So next time Jesse Ryder is criticised for choosing Delhi Daredevils over New Zealand, or Daniel Vettori for choosing Royal Challengers Bangalore over a Test match, just remember Sinclair's story, and remember how a man who at one point seemingly had the world at his feet ended up retiring from cricket to join the job queue. These players only play cricket for a short while, and they have to maximise their opportunities, especially when you consider the financial black hole that lurks below them in domestic cricket.

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Freddie Wilde is a teenage blogger based in Hampshire who first played cricket at the age of seven. He tweets here

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Posted by Lermy on (July 20, 2013, 2:45 GMT)

I will always remember his double century on debut, not for the quality of the batting so much as the inept bowling. Sinclair had made his first 50 almost entirely using the back foot drive to balls short and wide outside the off stump. I couldn't believe the WI bowlers just kept feeding him there for another 150 odd runs. Have a look at the highlights of the innings, it looks like the same shot 3 out of 4 strokes. Probably the worst bowling I've ever seen in a test match. Sinclair's lack of success to quality bowling backs this up. Faced with straight bowling with a bit of movement, he was generally out quite quickly.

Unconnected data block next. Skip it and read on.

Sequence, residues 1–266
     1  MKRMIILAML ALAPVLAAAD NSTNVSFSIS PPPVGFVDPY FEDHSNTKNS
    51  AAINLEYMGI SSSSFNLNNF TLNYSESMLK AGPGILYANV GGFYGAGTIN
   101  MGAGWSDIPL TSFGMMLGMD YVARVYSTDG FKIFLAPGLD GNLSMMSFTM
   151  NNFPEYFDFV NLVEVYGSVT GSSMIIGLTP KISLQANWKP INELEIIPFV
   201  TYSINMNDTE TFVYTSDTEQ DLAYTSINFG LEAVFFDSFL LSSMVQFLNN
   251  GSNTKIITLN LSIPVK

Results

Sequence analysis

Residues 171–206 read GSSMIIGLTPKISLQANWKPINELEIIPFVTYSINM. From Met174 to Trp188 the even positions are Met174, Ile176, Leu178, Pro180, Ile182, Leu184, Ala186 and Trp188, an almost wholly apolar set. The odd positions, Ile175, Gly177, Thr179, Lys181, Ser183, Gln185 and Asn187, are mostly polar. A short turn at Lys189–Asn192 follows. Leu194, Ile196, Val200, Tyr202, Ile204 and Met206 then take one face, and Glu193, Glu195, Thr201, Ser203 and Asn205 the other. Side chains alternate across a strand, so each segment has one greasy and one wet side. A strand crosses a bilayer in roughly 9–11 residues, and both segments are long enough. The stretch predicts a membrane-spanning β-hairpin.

Posted by bharath74 on (July 19, 2013, 7:02 GMT)

It is really sad to see a player of his caliber ending his career without financial security. Gud luck to Mathew Sinclair.

Posted by DEDKIK on (July 18, 2013, 10:11 GMT)

There was a similar story about the late Graham Dilley, who had to go on the dole. He died of caner soon after.

Posted by   on (July 18, 2013, 8:06 GMT)

It does seem to be a problem for NZ. The number of Kiwi cricketers who have given the game away early for business reasons (I can think of two other high profile players off the top of my head in Roger Twose and Adam Parore) is much higher than other nations.

I'm pretty certain that the NZ domestic circuit is semi-pro though unlike many other countries. Guys who play in the Sheffield Shield, County Championship, etc largely all make enough money to be full time but with a population base as small as NZ and the amount of sporting resources poured into Rugby Union it's hard to envision a situation where this changes.

Posted by tickcric on (July 18, 2013, 6:01 GMT)

It might be a good option to add few teams from NZ into the BBL. Will be financially helpful to at least the better domestic cricketers from NZ.

Posted by PFEL on (July 18, 2013, 5:29 GMT)

Not really surprising that a 37 year old with a family can't make a living playing First Class Cricket in New Zealand. And honestly I don't really think it should be otherwise.

Posted by gsingh7 on (July 18, 2013, 3:39 GMT)

thats wat ipl is all about. securing futures of todays players. a single season of ipl cud have saved him from joining dole line.

Posted by hoodbu on (July 17, 2013, 20:29 GMT)

I think this is a bit of an extreme point to make. At 37, he is no spring chicken. Many others have retired younger.

Posted by royals1986 on (July 17, 2013, 17:33 GMT)

Its really very disappointing to lose a cricketer of this calibre.I still remember him as one of the best openor along with Nathan Astle.